I'll admit, the car here is unique, its original and originality is worth a lot of money (that is why a real Picasso costs millions and an identical print can be bought for less than $50), what exactly is so special about it? When it comes down to it, all I see is a highly overpriced but highly optioned production car.
      • 8 Years Ago
      Something is worth what someone is willing to pay, pretty simple.

      The value is what the value is at the moment the car sells, what happens afterwards is subject to the market, speculation, rarity, demand.

      What gets forgotten here is that many of these high dollar cars are bought not by the average Joe but by "collectors" who buy and sell these cars as a business. So if you sell off a couple of other cars that money is going to need to be pumped back into the business.

      For all those bitching, stop pissing on someone elses party, your just jealous you don't have the 2 mil or the car.
      • 8 Years Ago
      Hey, Chuck!!! There any "any other Barracudas". If you are so smart, how come you are so dumb? There were Barracudas and Cudas. Same car, but two distinct automobiles. Cudas were and still are classified as the big block type with 383 Magnums and up. The Barracudas were any other type motor that was smaller. Go back and re-read the article about the rareness of this Hemi Cuda and just maybe you will understand. 300 miles, only TWO blue ones, 11 convertibles, and only 119 produced as Cudas in 1971. If you were blonde we could say "DUUUUUUUUUUUUUH!", so maybe you are blonde.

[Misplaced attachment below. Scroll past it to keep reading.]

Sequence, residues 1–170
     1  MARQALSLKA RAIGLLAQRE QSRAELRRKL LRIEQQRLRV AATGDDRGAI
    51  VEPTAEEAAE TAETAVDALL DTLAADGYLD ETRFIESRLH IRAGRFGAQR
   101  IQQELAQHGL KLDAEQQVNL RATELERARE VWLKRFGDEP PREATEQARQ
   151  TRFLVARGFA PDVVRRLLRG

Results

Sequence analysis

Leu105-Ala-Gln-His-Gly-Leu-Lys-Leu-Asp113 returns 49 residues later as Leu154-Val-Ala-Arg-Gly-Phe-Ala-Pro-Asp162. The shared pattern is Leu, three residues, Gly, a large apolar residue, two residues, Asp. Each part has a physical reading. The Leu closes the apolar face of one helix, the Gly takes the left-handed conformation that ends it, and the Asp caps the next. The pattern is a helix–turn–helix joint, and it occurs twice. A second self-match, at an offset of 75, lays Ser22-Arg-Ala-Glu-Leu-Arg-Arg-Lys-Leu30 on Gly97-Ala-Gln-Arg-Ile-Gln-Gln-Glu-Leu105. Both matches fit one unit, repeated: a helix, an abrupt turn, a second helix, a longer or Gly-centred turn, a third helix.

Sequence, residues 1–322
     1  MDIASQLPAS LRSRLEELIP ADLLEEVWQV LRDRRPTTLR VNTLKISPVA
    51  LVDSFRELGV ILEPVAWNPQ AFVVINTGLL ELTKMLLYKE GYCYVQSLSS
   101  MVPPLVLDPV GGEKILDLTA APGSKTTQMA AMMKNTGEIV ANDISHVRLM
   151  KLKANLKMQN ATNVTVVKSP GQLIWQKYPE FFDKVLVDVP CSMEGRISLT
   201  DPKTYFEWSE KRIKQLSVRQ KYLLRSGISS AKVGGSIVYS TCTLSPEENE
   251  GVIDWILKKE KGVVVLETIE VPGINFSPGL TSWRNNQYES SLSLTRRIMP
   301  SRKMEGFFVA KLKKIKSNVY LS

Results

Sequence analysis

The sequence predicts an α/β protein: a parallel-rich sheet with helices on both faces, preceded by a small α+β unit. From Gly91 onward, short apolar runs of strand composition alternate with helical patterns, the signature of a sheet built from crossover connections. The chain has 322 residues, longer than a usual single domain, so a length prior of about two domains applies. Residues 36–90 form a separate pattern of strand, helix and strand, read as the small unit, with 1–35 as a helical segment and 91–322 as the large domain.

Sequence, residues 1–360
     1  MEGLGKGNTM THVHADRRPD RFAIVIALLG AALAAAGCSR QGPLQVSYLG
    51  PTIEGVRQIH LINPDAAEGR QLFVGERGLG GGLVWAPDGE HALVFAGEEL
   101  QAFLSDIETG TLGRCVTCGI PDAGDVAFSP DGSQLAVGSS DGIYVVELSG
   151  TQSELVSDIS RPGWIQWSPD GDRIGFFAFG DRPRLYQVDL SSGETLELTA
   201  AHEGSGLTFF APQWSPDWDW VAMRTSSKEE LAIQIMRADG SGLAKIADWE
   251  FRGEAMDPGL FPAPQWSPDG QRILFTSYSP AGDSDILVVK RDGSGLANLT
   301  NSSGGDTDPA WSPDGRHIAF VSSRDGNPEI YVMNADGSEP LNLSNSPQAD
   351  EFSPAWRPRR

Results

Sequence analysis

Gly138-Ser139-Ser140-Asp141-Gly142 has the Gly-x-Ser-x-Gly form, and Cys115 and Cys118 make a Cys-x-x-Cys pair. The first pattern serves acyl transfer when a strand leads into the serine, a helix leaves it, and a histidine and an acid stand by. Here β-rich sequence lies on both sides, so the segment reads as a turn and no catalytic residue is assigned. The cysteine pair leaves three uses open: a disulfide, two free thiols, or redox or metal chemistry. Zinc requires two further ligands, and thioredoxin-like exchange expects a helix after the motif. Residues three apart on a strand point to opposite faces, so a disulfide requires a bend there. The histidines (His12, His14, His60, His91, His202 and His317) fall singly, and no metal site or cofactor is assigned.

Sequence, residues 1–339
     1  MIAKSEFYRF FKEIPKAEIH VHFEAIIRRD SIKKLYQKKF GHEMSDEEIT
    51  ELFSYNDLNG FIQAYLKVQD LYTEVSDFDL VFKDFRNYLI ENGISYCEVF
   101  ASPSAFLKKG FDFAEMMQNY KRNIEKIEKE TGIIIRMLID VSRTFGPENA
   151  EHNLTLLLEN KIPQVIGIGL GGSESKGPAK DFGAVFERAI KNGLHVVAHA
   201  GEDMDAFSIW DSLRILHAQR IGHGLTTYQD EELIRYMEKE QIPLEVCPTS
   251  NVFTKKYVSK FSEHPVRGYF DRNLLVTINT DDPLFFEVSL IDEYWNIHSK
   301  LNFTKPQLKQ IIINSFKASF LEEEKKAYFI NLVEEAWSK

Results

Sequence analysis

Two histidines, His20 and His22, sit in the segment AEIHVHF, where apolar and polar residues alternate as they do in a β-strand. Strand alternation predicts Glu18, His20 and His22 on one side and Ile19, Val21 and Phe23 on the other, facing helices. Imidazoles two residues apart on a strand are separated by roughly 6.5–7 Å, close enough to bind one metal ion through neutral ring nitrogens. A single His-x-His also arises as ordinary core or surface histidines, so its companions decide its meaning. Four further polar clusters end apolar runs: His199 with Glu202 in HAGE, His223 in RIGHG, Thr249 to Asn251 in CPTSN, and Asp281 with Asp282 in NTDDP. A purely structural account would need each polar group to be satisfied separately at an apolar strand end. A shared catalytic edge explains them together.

• 8 Years Ago
      Yes the price of these cars is insane, I used to buy Cuda's, Barracudas, and Challengers for less than 2000.00 in the late seventies and early eighties. But this is supply and demand.

      Hey Pistol #11, I guess you are not so smart after all, Cudas and Barracudas both came with small blocks too. Ever heard of a 340? Yeah they came in AAR CUDAs, Cuda's, Barracudas, T/A Challengers, Challengers... !!! Check your facts before you start having fun at others expense.

      I still have a 73 Dodge Challenger 340. All E Bodies were good looking cars. I am happy to still own one!